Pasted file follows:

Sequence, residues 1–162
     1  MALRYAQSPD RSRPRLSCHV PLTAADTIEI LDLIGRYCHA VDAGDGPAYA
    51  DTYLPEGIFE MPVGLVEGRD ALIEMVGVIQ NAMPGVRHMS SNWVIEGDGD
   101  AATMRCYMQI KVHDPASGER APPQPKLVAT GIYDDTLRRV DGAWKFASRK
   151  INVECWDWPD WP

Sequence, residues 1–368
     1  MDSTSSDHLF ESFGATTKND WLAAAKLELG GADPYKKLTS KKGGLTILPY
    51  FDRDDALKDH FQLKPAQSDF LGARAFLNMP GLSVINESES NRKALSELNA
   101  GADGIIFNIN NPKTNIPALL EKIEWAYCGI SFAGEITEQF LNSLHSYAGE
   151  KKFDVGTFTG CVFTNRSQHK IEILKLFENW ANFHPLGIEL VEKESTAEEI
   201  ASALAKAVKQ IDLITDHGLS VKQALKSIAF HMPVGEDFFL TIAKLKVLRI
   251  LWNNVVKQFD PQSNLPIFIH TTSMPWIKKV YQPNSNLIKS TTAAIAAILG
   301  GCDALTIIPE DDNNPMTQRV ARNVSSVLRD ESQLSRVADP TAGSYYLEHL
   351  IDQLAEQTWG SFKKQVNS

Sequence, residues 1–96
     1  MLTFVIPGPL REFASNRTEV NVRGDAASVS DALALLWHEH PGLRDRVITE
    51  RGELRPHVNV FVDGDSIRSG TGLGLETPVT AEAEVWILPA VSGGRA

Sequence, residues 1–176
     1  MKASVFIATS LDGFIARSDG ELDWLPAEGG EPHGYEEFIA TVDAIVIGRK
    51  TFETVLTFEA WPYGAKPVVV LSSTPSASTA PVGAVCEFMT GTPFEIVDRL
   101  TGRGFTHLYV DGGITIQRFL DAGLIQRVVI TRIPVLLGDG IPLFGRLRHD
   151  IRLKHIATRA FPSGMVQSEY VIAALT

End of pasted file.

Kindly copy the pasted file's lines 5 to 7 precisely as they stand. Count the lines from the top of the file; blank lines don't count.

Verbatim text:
   151  INVECWDWPD WP

Sequence, residues 1–368
     1  MDSTSSDHLF ESFGATTKND WLAAAKLELG GADPYKKLTS KKGGLTILPY